Everybody’s an expert: Putting predictions to the test

In making assessments of the political future, what is the value of expert advice? An answer to this question can be found in a review of Philip Tetlock’s book, “Expert Political Judgment: How Good Is It? How Can We Know?” by Louis Menand in an article last year in the New Yorker magazine. An informative, provocative and still timely read. An excerpt is below.

…people who make prediction their businessâ–people who appear as experts on television, get quoted in newspaper articles, advise governments and businesses, and participate in punditry roundtables–are no better than the rest of us. When they’re wrong, they’re rarely held accountable, and they rarely admit it, either. They insist that they were just off on timing, or blindsided by an improbable event, or almost right, or wrong for the right reasons.

They have the same repertoire of self-justifications that everyone has, and are no more inclined than anyone else to revise their beliefs about the way the world works, or ought to work, just because they made a mistake.No one is paying you for your gratuitous opinions about other people, but the experts are being paid, and Tetlock claims that the better known and more frequently quoted they are, the less reliable their guesses about the future are likely to be. The accuracy of an expert’s predictions actually has an inverse relationship to his or her self-confidence, renown, and, beyond a certain point, depth of knowledge. People who follow current events by reading the papers and newsmagazines regularly can guess what is likely to happen about as accurately as the specialists whom the papers quote. Our system of expertise is completely inside out: it rewards bad judgments over good ones.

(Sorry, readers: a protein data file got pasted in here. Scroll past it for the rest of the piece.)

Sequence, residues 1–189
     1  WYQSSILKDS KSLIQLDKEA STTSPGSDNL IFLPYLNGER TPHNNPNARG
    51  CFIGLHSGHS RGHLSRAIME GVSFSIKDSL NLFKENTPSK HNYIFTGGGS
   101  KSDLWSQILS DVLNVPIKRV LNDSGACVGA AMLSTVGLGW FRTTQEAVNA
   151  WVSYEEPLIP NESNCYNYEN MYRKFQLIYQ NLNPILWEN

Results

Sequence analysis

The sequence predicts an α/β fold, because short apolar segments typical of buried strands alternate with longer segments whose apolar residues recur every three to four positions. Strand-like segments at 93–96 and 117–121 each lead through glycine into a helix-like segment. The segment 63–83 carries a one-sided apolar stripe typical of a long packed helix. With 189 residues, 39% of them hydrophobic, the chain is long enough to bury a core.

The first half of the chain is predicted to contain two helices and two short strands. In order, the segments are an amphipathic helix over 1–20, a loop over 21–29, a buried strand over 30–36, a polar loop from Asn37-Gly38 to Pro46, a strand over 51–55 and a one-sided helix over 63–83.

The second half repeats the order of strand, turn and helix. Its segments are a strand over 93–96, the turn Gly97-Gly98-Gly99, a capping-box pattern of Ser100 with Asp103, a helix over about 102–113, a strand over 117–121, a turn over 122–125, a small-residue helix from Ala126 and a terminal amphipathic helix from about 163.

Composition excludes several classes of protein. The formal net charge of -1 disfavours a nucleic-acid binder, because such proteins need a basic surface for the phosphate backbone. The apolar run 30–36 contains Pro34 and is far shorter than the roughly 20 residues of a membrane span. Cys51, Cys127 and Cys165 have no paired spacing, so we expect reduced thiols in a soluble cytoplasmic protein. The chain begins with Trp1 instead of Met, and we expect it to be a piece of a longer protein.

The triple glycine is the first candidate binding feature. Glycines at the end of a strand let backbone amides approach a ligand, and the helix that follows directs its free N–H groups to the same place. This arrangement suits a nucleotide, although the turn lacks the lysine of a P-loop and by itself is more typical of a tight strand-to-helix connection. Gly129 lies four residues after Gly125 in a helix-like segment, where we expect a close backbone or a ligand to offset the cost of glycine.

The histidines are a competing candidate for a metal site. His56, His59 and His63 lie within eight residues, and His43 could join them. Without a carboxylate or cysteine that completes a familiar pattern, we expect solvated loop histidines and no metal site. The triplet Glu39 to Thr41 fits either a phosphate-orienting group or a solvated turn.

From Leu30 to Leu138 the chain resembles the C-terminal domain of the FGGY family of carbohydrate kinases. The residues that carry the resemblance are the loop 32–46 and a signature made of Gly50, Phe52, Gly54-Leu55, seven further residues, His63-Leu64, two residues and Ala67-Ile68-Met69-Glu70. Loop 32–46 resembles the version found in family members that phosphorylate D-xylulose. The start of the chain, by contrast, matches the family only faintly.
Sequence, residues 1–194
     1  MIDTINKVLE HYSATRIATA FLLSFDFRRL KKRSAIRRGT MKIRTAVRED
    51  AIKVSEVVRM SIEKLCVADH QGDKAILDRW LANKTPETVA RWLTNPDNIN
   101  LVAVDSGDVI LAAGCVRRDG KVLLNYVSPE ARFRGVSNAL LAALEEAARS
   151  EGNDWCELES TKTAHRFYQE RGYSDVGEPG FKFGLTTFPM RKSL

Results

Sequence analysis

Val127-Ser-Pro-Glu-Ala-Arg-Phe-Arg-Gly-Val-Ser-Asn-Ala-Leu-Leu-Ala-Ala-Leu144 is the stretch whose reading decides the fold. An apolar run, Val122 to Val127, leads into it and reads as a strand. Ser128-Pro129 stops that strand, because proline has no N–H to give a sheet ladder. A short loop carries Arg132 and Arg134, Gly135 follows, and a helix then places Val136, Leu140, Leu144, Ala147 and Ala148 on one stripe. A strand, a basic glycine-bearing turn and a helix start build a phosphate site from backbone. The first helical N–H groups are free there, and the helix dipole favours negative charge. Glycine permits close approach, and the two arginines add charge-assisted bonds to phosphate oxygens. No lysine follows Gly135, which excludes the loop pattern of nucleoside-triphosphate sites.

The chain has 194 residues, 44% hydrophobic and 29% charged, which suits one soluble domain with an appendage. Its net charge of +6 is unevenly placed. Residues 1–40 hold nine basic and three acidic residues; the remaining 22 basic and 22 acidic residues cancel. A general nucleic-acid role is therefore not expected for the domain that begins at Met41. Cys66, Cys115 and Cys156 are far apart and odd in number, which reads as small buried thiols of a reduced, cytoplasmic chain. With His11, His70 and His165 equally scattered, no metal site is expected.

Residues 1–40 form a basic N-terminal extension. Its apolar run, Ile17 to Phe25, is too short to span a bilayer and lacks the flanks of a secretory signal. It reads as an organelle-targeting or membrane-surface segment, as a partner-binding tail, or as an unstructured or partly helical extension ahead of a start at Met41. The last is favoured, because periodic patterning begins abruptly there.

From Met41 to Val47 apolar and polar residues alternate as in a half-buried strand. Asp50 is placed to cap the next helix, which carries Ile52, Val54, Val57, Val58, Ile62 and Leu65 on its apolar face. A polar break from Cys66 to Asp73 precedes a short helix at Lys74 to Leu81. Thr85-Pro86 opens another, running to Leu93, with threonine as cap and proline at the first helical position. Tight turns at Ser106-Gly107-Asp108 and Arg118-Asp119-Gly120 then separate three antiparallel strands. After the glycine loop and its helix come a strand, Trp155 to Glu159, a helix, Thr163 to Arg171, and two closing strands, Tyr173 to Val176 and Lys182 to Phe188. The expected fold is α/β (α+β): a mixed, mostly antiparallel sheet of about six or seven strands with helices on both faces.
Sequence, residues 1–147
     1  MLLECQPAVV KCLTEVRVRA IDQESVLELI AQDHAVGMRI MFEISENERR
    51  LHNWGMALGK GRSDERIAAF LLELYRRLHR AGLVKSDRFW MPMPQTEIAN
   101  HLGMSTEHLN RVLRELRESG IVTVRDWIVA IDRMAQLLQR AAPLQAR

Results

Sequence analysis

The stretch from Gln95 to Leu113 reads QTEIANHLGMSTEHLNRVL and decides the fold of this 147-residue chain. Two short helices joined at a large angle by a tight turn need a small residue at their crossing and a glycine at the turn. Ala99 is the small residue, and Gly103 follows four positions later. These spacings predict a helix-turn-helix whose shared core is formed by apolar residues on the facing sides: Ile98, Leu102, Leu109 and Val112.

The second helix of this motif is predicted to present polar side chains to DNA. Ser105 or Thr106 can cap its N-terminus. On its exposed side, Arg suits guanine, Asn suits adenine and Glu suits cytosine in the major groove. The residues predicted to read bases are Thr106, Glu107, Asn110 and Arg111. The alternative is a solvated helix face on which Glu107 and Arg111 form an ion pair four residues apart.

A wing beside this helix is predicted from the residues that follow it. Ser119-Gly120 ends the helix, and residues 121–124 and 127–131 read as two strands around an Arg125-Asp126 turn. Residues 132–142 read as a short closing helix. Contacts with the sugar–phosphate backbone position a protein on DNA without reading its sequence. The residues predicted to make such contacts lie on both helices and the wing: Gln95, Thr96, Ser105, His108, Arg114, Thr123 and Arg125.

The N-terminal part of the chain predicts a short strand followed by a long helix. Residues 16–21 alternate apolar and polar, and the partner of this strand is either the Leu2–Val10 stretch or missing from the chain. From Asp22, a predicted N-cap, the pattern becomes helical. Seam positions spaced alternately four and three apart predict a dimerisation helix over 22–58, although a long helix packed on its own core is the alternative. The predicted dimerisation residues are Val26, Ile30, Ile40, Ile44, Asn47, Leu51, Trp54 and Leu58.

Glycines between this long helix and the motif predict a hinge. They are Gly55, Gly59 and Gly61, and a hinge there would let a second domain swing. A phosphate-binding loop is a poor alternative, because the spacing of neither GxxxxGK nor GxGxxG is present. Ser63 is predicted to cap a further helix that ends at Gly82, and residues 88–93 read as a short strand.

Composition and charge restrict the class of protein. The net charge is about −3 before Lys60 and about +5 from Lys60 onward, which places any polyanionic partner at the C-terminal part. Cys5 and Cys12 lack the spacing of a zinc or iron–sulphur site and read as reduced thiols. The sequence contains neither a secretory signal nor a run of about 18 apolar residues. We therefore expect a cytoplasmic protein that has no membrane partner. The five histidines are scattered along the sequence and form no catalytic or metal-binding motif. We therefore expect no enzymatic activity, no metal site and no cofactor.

For the complete article click here.

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